Take On Payments, a blog sponsored by the Retail Payments Risk Forum of the Federal Reserve Bank of Atlanta, is intended to foster dialogue on emerging risks in retail payment systems and enhance collaborative efforts to improve risk detection and mitigation. We encourage your active participation in Take on Payments and look forward to collaborating with you.
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Digital Divide Trickles Down to Payment Account Adoption
Four in 10 consumers with household income less than $30,000 did not have broadband access or a desktop or laptop computer in 2021, according to Pew Research Group. One-quarter with household income less than $30,000 did not have a smartphone. This digital divide trickles down to the adoption of payment accounts like PayPal, Venmo, and Zelle, which are predicated on either a computer and internet access or mobile access.
New data from the Survey and Diary of Consumer Payment Choice (SDCPC) show steady growth across all income categories in the use of these digital payment accounts, increasing from 43 percent of consumers using these accounts at least once in the 12 months leading up to October 2016 to 66 percent in 2021.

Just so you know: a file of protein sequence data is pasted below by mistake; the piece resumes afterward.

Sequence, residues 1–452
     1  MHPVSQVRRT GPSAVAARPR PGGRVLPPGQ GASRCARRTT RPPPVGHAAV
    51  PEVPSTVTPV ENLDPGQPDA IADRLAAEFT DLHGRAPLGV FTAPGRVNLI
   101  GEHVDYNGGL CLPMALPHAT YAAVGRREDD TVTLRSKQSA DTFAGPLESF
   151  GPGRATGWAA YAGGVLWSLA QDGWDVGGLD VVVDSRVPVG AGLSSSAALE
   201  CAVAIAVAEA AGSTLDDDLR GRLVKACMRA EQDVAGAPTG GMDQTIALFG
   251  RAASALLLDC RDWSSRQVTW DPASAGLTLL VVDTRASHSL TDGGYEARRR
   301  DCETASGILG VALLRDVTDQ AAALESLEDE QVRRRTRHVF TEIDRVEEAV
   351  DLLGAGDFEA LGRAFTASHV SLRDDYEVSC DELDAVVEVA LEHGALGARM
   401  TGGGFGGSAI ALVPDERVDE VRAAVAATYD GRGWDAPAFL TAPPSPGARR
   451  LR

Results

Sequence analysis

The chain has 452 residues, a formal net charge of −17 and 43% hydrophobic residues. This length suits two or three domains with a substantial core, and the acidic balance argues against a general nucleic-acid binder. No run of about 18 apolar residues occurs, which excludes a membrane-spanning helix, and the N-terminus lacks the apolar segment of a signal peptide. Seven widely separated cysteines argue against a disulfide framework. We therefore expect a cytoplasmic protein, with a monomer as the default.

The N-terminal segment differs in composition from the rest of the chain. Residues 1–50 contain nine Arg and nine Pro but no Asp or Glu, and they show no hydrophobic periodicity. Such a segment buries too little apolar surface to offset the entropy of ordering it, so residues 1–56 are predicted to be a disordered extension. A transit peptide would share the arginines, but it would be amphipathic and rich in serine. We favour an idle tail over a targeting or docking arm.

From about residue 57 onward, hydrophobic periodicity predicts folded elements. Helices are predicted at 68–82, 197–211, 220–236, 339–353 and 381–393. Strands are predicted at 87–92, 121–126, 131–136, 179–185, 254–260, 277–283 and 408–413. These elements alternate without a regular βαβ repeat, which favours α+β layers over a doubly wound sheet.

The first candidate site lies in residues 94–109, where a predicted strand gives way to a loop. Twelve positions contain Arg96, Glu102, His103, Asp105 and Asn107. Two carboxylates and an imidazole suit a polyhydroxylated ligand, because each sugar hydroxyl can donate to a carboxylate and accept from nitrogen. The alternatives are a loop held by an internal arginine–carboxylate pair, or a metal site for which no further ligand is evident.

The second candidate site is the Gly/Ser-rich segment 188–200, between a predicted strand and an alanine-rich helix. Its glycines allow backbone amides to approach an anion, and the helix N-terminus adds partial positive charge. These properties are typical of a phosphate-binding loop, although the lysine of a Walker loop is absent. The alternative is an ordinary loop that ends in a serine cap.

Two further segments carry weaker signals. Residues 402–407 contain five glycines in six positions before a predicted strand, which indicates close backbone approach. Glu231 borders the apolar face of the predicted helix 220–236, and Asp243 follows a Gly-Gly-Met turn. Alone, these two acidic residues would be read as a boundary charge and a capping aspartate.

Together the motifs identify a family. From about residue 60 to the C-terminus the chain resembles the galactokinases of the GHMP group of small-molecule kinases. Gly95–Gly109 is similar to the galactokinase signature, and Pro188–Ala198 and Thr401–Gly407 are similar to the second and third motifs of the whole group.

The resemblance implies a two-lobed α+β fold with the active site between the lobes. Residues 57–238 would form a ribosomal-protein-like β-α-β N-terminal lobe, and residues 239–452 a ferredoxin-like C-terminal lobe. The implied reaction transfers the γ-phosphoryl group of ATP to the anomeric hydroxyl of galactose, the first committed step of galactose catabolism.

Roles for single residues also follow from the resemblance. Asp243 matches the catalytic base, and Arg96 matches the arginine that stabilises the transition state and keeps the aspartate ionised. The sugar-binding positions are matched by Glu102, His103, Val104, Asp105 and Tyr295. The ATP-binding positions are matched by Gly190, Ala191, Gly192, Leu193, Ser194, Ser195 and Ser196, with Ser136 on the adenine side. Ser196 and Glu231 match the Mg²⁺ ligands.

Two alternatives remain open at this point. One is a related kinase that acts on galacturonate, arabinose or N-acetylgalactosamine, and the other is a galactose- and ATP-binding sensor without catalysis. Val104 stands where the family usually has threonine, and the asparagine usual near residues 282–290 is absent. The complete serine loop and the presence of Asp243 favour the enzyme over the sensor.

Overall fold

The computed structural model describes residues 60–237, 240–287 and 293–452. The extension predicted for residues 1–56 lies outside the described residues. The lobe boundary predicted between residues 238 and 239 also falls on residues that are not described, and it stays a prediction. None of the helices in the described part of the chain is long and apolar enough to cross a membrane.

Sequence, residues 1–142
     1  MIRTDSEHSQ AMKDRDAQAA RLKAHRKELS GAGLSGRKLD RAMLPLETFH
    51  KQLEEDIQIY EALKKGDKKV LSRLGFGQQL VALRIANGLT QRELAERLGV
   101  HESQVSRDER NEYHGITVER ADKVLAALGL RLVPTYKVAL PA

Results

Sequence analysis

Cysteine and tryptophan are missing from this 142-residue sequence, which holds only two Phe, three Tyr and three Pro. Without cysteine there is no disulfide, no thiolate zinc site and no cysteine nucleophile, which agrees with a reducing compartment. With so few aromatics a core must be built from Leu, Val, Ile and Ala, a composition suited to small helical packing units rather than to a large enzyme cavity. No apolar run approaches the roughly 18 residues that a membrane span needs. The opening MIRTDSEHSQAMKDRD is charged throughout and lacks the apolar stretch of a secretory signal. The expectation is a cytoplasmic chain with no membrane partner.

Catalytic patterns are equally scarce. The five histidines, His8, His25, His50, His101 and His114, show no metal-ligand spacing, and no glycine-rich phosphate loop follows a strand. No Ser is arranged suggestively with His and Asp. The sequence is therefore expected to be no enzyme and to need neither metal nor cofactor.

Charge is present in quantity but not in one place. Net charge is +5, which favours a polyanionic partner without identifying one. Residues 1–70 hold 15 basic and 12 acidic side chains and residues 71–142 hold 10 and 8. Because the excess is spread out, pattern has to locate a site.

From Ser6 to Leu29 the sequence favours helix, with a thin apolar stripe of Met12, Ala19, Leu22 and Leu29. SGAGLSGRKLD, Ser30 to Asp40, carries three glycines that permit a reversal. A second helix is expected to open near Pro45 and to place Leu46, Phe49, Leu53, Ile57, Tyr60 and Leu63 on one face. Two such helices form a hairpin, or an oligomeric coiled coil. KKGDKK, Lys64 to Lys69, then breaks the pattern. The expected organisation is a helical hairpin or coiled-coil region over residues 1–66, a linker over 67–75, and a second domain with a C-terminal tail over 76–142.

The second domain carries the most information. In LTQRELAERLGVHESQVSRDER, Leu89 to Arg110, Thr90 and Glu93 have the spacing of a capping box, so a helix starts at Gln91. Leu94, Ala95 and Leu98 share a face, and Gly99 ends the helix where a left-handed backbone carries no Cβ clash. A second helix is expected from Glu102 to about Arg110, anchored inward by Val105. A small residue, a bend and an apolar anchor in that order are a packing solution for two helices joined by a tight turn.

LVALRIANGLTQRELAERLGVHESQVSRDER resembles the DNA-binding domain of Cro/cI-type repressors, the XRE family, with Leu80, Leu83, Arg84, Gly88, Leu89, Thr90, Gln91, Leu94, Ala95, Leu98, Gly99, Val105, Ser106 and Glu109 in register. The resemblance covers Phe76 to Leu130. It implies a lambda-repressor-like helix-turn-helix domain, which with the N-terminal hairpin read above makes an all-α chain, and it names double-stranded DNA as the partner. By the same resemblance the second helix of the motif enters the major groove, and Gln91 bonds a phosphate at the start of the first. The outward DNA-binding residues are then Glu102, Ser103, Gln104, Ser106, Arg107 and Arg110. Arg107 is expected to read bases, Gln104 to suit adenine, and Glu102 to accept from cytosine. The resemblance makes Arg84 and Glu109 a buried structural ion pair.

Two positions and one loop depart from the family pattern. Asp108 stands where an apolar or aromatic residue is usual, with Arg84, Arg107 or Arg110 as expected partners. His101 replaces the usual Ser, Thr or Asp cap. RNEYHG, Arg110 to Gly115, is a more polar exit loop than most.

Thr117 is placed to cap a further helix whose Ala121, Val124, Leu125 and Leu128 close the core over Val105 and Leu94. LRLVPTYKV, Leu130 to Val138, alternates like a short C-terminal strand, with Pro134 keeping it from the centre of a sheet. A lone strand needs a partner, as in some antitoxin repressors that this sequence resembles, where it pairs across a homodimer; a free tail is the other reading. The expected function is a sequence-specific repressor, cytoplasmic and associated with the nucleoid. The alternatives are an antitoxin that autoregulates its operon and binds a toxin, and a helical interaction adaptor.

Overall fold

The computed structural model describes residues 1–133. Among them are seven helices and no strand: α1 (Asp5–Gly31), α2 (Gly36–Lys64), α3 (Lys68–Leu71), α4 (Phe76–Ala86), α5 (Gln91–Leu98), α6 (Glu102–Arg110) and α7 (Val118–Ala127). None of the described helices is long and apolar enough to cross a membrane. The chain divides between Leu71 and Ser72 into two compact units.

Diving deeper into use by income, consumers in high-earning households were most likely to use digital payments accounts and those in low-income households were least likely. Eight in 10 consumers with household income north of $125,000 a year used digital payment accounts in 2021, compared to about half of consumers with household income less than $35,000.
These relationships have held true over all the years from 2016 to 2021: members of all income groups became more likely to use digital payment accounts, and lower income groups were less likely than others to use them each year. A snapshot from 2021 illustrates the intra-year differences.
While payments innovation could end up helping lower-income US consumers, these data show that it's important to view payments as part of an ecosystem that includes digital access. As my Atlanta Fed colleague Oz Shy wrote back in 2020, "Low-income consumers are not only constrained with spending, but also with the type and variety of payment methods available to them." Despite the upheaval in the years of the COVID-19 pandemic, the 2021 results for consumers' use of digital payment accounts show that this constraint still exists.
I invite you to play around with the Survey and Diary data.
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